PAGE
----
It is another glorious sunny day – not perhaps the best for sitting indoors to play bridge – but there is more cold weather coming and it looks like it is going to be some time before the lockdown restrictions are materially eased. How nice to have developed a weekly routine in which some of the hours can be filled with the best card game every invented!
The seminar I am running this Monday is about the single hardest decision you have to make at the bridge table – which is the right card to lead at trick one? Without a sight of dummy, you only have the bidding and your own cards to guide your choice. On some estimates the fate of as many as 50% of all contracts are determined by which card you lead at the first trick.
I shall be discussing the options and explaining how your thinking should be guided in the two-hour seminar, starting at 9.30am. (To add to the problem, there are or course different answers for No Trump and trump contracts). You can book a place by following this link, but let me know by email if Eventbrite rejects you (as it seems to do with a small minority). I have updated the list of future topics on the seminar page on this website; look out for some popular bidding conventions coming up.
The “online Wytham” session will be going ahead as normal on Tuesday, starting at 9.30am (link here – ignore any suggestions on Eventbrite that the start time is 9.45am). Nearly all our regulars will be there but we do usually have room for one or two more, so please advise me by email (email@example.com) if you would like to be considered. I try to sort out the tables on Monday evening, so there is a cut-off for entries at that time, but occasionally I will send out an SOS for reinforcements to fill the last table.
All the 11 different coaching sessions will be continuing this week and I am trying to fit in a couple more. What this means unfortunately is that I am having to be a little stricter about start and finishing times. I appreciate there are many distractions, but if you can log in on BBO and join the Zoom call just before the start time it will ensure that we squeeze in as many hands as possible. Each group is different but they are all a lot of fun to teach – thank you for making them so.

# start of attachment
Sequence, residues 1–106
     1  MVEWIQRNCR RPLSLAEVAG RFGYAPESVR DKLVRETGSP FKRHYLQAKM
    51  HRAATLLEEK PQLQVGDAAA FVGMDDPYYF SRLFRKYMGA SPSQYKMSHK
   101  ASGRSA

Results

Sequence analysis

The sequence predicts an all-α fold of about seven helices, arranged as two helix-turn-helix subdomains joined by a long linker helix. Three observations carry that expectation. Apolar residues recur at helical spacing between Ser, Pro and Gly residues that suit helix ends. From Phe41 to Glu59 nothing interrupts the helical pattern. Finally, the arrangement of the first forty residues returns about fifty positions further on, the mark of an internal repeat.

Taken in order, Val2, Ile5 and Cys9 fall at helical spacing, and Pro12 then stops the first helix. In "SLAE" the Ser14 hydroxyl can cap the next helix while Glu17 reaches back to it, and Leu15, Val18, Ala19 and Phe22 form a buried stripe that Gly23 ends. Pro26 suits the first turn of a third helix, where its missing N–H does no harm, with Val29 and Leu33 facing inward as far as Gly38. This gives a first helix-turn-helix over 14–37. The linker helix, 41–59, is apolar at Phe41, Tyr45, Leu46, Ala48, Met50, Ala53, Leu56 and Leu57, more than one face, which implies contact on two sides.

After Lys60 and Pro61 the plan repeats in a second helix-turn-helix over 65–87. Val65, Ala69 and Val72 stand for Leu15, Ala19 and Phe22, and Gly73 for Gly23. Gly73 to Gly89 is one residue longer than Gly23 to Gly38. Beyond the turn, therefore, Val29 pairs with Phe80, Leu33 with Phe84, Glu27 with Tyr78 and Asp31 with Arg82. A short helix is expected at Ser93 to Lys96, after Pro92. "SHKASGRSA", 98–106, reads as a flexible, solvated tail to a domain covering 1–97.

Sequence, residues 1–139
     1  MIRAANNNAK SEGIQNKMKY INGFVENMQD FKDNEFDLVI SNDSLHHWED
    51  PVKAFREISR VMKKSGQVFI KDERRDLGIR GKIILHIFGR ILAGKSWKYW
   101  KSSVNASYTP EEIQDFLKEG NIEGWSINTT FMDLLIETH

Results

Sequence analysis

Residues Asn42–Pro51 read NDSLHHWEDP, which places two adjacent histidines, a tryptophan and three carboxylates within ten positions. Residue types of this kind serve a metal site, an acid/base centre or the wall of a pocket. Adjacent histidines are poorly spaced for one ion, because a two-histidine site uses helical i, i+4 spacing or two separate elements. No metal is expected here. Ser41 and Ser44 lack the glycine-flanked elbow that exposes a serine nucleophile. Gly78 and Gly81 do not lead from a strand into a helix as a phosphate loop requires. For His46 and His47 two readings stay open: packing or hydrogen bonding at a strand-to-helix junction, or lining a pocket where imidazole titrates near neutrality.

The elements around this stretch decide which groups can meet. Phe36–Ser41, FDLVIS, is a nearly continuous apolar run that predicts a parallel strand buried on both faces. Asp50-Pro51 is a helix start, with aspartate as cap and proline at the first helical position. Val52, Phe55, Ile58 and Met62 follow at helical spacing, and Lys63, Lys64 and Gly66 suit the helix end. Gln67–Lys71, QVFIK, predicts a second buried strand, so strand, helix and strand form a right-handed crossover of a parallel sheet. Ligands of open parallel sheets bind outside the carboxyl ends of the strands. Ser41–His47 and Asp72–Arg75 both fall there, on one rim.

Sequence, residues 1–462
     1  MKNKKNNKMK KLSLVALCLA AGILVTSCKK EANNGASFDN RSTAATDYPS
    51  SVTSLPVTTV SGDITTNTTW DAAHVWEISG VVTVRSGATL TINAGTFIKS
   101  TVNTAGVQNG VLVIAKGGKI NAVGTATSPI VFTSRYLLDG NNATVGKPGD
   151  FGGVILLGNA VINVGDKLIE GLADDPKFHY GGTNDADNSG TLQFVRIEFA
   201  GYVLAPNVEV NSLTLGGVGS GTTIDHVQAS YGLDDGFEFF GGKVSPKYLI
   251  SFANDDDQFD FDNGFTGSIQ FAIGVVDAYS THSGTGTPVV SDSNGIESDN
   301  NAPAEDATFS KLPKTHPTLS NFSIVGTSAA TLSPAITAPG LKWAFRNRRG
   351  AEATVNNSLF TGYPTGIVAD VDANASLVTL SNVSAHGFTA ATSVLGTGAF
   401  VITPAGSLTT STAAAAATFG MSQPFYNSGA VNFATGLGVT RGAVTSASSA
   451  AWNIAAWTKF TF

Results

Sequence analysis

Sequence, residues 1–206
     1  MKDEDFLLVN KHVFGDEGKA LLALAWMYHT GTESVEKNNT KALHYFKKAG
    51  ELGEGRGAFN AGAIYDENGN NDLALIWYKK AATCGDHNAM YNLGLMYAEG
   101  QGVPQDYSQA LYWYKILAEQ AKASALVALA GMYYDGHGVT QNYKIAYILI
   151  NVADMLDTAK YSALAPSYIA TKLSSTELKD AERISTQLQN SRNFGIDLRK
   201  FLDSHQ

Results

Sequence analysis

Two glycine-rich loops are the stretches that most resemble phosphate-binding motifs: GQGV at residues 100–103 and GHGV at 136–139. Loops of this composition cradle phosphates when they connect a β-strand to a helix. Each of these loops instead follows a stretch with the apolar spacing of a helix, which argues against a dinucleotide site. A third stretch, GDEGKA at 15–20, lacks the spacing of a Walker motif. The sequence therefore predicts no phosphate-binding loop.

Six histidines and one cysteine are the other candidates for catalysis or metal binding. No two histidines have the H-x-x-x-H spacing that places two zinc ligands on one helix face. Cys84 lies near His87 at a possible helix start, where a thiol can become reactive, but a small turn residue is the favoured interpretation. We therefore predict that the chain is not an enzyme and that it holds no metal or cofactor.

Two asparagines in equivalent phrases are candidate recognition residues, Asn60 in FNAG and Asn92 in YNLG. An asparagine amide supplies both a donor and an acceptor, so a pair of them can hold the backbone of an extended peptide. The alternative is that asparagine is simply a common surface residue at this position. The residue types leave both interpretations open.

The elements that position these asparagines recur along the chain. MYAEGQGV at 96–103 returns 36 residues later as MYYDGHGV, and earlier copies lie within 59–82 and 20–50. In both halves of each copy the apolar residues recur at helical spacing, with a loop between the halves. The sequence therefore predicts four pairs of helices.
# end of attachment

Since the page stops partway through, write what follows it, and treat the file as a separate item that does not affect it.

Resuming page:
For those of you who are interested in playing online duplicates, Andrew Robson’s club in London is now running four tournaments a day on Bridge Base Online. Subject to other commitments, I am planning to play in the 18-board 2.15 game on Monday afternoons myself and happy to take questions about the hands afterwards if you are also taking part. There is a considerable random element involved in duplicate pairs, so even the experts don’t always come out on top, and this is a good chance to try and outscore the best players and secure some bragging rights!
With another hat on I am involved in a small group organised by the Oxfordshire Bridge Association which is tasked with promoting tournament bridge in the county. They are planning some tournaments for early stage bridge players in the coming weeks. Most of you I know prefer the friendly social games that we have always run, but I shall give more details in due course for those who might want to try it out.
I will do a separate post about the answers to the two bridge hand questions I posted last week. I gather, finally, that there is a mention of a bridge player I know well in Andrew Robson’s latest Country Life column (though I have not seen it). Those of very advanced years may recall my grandfather Frank Davis, who wrote the salesroom column in Country Life for more than 20 years and was still busy writing the week he died, aged 98.
Enjoy the sun while it lasts!